Avoid An Aged Appearance By Keeping Facial Bone Structures Healthy
Posted on Jun 21, 2023 by William J. Claiborne, DDS MS
The aging process can, unfortunately, take quite a toll on appearance. Shoulders may slump, waistlines may widen, and hair may turn gray. As a periodontist in Western NC, I see another telltale sign of aging – resorption. This is the process of bone loss when natural tooth roots are missing from the jaw bones. Facial features affected by resorption can reveal quite a lot, and not in a flattering light.
A natural tooth is held by the upper or lower jaw bone by its roots. Around the base of each tooth, gum tissues wrap snugly to prevent entry of bacteria and protect sensitive tooth roots. These roots help to keep the tooth ‘alive’ by supplying blood and other nutrients to the bone supporting the tooth. Through the presence of these roots, the jaw bones also receive valuable stimulation, which helps the bone retain its mass.
Losing a tooth can trigger a domino effect, of sorts. Statistics show that tooth loss is most likely to occur in an area next to that of a missing tooth. Without the stimulation of tooth roots, the bone in that area will begin to resorb, or shrink in mass. This increases risks for adjacent teeth.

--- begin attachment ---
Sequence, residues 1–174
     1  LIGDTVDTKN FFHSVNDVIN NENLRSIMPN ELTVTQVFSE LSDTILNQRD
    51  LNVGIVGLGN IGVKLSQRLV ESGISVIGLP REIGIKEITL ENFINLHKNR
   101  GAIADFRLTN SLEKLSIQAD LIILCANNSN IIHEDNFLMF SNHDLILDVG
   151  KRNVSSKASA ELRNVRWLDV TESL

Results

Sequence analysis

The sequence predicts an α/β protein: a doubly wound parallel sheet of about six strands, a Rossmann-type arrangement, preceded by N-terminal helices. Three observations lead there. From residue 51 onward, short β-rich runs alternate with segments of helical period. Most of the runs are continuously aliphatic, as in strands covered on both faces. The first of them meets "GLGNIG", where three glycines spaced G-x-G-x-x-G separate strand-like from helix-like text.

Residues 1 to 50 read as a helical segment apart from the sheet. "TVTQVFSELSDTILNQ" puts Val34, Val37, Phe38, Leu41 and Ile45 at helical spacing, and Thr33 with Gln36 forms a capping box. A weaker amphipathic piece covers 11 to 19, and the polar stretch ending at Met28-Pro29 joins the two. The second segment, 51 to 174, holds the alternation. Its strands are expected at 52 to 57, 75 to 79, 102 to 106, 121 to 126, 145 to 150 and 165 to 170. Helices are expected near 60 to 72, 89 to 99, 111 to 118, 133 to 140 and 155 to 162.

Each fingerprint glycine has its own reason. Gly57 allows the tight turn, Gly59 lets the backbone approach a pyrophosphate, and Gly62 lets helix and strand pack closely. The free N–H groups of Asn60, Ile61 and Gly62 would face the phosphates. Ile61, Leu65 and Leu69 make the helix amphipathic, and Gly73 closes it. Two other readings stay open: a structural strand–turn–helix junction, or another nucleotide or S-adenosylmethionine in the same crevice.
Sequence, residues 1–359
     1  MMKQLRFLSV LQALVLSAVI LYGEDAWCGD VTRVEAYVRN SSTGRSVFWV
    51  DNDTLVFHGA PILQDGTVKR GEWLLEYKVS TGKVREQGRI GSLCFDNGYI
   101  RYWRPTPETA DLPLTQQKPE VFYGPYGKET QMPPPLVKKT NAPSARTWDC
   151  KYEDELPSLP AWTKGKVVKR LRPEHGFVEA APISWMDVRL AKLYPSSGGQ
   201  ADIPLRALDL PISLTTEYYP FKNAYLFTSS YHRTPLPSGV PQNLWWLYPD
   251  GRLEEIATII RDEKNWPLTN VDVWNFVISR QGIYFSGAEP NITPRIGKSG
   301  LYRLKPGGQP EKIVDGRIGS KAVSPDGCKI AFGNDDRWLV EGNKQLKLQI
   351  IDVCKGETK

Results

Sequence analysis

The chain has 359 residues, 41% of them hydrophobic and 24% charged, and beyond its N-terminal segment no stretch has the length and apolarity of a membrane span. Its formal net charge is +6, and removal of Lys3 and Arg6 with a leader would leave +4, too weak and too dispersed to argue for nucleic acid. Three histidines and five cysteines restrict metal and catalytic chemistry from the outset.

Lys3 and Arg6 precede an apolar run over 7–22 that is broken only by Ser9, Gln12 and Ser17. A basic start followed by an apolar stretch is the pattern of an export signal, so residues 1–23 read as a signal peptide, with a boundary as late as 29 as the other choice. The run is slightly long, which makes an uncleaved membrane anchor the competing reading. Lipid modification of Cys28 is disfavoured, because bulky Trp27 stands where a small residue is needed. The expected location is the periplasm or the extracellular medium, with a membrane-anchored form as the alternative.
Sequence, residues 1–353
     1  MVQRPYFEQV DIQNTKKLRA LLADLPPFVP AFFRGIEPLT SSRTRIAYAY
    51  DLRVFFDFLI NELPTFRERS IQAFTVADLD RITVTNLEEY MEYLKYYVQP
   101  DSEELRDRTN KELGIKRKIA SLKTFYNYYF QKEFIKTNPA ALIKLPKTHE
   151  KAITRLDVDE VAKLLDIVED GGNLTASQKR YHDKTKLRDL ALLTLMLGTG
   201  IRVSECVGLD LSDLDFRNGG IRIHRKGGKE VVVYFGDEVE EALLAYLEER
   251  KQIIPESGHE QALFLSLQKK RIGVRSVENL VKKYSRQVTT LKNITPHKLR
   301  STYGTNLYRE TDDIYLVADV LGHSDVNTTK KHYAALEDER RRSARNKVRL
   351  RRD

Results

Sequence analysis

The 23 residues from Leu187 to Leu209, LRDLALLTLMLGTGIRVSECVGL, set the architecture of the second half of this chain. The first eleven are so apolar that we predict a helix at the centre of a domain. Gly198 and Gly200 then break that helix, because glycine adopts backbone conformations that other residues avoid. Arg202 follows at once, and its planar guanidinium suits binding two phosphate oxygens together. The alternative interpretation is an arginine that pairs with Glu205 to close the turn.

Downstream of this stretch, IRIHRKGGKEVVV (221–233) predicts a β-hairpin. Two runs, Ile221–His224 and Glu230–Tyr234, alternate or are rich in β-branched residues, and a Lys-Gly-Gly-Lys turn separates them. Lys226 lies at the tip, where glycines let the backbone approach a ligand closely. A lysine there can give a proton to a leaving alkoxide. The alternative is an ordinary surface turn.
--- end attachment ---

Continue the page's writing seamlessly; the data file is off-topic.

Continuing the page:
The process of resorption begins slowly the first year. However, the rate of bone loss accelerates more and more each year. For people who wear a denture or partial, the pressure of wearing these appliances can speed up the rate bone loss even more. Eventually, facial features change due to the declining bone structure, changes that tend to age one’s appearance far beyond their actual age.